Saturday, January 24, 2009

Wilderness Journey in Lagos

It all began when I dropped a friend off at the Ikeja MMA2 Airport and started heading back towards Lagos Island.  I didn't want to pass through a bumpy strip near Maryland, so I decided to link 3rd mainland bridge via the International Airport road--a route I did not know so well. 

I was driving alone.  I had 30 minutes before darkness would hit Lagos.  I was driving a borrowed Toyota SUV, which the owner had just purchased. But no my strong head convinced me to just follow the road signs. How hard could it be?

Road signs ko, road signs ni! 

I  passed Isolo. Isolo? Mushin! Nope, I'm not driving through there. Ijeshatedo. Family used to live there but I was on the unfamiliar side of the highway. 

Oh no, where is 3rd mainland bridge?

Boo hoo, time to cry. 

But time was not on my side. Night was slowly creeping in, and the courage to stop and ask for directions slipped away. So I stayed on the highway. Yay to traffic-less Sundays. 

That day, I found out how Apapa-Oshodi expressway got its name. 

When I reached Apapa (hey, it was either that or Badagry),  I cornered a dangerous-less looking okada driver (you've got mapquest, we've got bike riders) and asked him to lead me to the bridge that would take me towards my hood. He stopped half way and pointed me the rest of the way, gladly pocketing my N200 gratitude offering. 

I once again reached a crossroad. Where do I go? Mmmh, I didn't put my trust in man O! If it wasn't for God, I'd have showed up in Surulere.

So what is the moral of the story? It's time for me to activate the GPS on my phone! 

Tuesday, December 30, 2008

Don't Wind Down in Lagos Traffic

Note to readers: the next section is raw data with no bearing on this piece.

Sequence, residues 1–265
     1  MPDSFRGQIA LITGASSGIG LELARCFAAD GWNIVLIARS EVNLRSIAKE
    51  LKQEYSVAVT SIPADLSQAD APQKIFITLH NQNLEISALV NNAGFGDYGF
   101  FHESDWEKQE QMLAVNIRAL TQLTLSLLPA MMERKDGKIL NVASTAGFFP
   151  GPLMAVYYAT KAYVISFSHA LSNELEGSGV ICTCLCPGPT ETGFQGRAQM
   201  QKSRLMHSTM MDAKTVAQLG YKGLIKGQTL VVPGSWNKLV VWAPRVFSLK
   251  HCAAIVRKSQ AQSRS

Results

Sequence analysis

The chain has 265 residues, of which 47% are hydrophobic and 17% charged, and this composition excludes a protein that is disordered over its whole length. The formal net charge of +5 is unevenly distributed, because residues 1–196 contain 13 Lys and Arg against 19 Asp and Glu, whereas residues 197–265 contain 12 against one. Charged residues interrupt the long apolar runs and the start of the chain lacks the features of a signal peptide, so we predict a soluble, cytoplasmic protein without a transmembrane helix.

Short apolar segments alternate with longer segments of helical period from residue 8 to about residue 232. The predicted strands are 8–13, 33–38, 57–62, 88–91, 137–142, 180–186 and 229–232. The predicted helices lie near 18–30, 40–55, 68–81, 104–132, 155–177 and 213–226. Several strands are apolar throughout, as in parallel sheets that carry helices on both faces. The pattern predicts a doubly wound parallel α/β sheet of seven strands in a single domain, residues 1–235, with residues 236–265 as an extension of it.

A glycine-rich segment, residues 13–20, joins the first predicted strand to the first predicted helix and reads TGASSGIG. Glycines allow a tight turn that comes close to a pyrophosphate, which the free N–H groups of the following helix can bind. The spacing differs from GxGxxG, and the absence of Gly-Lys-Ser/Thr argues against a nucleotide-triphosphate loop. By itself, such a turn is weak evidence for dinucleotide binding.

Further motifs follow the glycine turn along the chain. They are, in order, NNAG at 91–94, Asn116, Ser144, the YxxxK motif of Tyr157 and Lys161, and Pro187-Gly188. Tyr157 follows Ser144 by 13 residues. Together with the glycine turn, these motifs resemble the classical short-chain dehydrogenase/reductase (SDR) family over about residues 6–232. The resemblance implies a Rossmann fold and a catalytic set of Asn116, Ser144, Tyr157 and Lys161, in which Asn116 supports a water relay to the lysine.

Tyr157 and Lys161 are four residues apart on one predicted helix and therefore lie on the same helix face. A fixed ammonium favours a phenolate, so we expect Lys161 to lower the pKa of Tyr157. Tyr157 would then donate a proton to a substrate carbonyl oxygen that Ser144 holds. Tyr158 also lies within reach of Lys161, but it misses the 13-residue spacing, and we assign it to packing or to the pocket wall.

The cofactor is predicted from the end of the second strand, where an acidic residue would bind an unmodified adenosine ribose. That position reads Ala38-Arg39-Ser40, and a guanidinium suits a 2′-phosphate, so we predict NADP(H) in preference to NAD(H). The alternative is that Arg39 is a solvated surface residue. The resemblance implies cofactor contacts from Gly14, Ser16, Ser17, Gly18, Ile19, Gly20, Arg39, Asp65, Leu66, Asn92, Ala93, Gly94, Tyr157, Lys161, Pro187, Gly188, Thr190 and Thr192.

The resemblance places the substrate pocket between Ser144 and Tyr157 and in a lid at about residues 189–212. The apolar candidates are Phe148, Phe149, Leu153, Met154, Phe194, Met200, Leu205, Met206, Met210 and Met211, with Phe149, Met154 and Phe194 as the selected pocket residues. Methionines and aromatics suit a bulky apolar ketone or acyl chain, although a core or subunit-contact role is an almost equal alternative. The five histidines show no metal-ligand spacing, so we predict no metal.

I have many tales to tell on how this chick is fast becoming a Lagos city trotter oh! Yes, I've packed my bags and moved to Lagos, leaving my beloved capital city behind. I fretted about the move—erratic electricity, pollution and the traffic—not too exciting. But mmh, my people, I've realized that even though you take the girl outta of the hood, you can't take the hood out of the girl!

Last week Monday: My first time driving to work, and my second day driving in Lagos since I returned to Nigeria. I decide to take the Race course, TBS exit instead of the usual Federal Secretariat exit and get stuck in hold up on the exit ramp. I'm five minutes away from my office but in typical Lagos fashion it could take me 30 minutes before I pull into to our office lot. I'm antsy.

My windows are wound down just a tad bit. For some reason the A/C had been fogging up my windows since I left home, so I turned the air off so I could see where I was going. It was either that or risk an early morning head-on with a crazy Lagos motorists on Third Mainland bridge.No thanks, I'll pass.

The car is stuffy and I'm antsy. A young man saunters into view. 5'7', rubbery face, faded short-sleeve with a hardened swagger. My conscious mind says he looks normal enough.

My subconscious and my eyes think otherwise and they follow him. He walks in front of my bumper. Our eyes don't meet. He's studying oncoming traffic as he tries to cross Third Mainland. I draw my attention back to the traffic.

"Cross 3rd mainland to where?" my subconscious asks.

Too late. Mr. man swirls back and locks his eyes on me, hooking his fingers on my wound down window.

Kai! Girl, you're slacking on your Gidi skills, you should have known!

"Anti!" he glues his face to my driver's side window and whispers loudly—a real criminal mastermind!

"Anti, look here. Look here. See wetin I get here!"

Look ko, look ini. I face my front. Just like my teachers taught me. Ahn ahn, is it by force for me to look?

But not to seem too uncooperative, I ask, "What do you want?" I make sure I sound tough and icy, still without looking at him.

Mmmh, but I'm monitoring him with my side eye oh. And my side eye noticed that Mr. Man is reaching into his pocket for his "weapon".